• bone scans
  • imaging scans

After treatment, people can create a survivorship care plan with their doctor, which can include:

  • a follow-up appointment and screening schedule
  • side effects to watch for
  • when to contact a doctor
  • a health improvement plan
  • ways to lower the risk of cancer returning

People may be able to lower their risk of prostate cancer returning.

Eat a nutritious diet

A person’s outlook may improve if they consume a diet rich in:

  • fruits
  • vegetables
  • whole grains

A person may also be able to improve their outlook by limiting or avoiding:

  • added sugars
  • fat
  • meat


Scientists are still researching the effect of exercise on people with prostate cancer. Some research suggests that people who regularly exercise after treatment may improve their life expectancy.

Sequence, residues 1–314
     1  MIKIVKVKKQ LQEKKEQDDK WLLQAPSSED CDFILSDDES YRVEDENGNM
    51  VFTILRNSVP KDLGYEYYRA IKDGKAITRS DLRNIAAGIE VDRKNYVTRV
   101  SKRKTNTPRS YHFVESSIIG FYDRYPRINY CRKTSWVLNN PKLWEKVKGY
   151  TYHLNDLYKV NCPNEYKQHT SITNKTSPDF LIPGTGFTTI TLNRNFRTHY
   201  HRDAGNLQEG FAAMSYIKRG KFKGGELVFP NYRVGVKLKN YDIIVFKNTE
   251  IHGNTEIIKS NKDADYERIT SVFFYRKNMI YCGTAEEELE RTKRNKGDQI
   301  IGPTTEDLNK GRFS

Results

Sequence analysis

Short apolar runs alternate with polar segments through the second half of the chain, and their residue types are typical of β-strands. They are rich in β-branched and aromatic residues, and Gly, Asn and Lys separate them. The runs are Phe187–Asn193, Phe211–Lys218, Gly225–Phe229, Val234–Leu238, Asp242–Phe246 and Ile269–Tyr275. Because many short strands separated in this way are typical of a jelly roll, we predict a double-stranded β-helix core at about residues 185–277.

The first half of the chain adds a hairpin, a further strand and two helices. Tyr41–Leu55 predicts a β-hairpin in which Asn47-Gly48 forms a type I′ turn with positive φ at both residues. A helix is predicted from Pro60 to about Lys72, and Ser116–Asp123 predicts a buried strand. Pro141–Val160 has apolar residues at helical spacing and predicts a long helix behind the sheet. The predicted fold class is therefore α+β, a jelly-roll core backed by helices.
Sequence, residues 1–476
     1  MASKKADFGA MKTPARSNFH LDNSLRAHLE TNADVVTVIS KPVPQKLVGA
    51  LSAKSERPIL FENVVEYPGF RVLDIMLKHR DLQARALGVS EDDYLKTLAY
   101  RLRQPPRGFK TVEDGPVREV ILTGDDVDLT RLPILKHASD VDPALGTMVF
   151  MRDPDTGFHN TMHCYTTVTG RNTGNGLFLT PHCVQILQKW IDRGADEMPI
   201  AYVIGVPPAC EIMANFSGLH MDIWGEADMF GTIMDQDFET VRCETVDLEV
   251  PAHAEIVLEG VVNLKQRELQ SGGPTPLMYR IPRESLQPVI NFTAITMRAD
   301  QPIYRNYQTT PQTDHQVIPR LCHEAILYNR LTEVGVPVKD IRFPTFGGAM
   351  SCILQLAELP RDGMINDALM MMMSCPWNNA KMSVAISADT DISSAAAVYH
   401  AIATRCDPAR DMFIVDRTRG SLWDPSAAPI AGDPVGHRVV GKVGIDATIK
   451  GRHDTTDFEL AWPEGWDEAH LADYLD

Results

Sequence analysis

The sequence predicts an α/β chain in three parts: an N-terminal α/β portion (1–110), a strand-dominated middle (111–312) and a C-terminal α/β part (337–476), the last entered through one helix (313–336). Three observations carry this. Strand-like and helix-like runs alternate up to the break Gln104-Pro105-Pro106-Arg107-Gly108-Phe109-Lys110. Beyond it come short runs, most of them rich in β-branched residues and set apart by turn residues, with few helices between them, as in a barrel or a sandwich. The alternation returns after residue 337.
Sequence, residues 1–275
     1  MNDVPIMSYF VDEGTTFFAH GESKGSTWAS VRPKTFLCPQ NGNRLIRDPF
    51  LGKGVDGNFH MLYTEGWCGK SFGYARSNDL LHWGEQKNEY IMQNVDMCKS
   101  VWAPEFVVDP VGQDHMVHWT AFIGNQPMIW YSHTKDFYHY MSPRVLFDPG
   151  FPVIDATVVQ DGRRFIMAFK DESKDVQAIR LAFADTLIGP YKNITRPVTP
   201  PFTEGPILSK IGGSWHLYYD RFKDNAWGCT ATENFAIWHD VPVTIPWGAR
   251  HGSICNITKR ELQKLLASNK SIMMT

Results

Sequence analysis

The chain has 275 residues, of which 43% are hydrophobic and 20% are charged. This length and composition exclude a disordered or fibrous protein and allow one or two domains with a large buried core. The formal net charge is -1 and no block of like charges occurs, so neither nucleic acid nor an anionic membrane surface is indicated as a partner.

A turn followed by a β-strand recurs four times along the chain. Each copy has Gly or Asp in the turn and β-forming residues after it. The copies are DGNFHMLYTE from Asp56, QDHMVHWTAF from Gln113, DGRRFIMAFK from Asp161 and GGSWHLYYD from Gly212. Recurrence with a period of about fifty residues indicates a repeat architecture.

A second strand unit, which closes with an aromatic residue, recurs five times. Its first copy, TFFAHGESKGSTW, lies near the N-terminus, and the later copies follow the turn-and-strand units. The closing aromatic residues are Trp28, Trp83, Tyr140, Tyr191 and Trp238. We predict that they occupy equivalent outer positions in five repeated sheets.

The American Cancer Society (ACS) gives the following guidelines for physical activity:

  • Adults should try to get 150–300 minutes of moderate to vigorous exercise per week.
  • People should limit sedentary activities such as sitting, lying down, watching television, and other screen-related activities.

Stop or avoid smoking

According to the ACS, quitting smoking has many health benefits, such as reducing the risk of cancer and the chance that cancer will return.

Seek sexual health treatment

Several sexual health treatments are available for people after prostate cancer treatment. These include treatments for ED, such as:

  • oral medication, including phosphodiesterase type 5 inhibitors such as Viagra and Cialis
  • intracavernous penile injections
  • vacuum erection devices
  • surgical implants

Information and support can also help people improve their sexual health after treatment. Some research suggests that a consultation with a urologist-sexologist 3 months after treatment can be beneficial to many.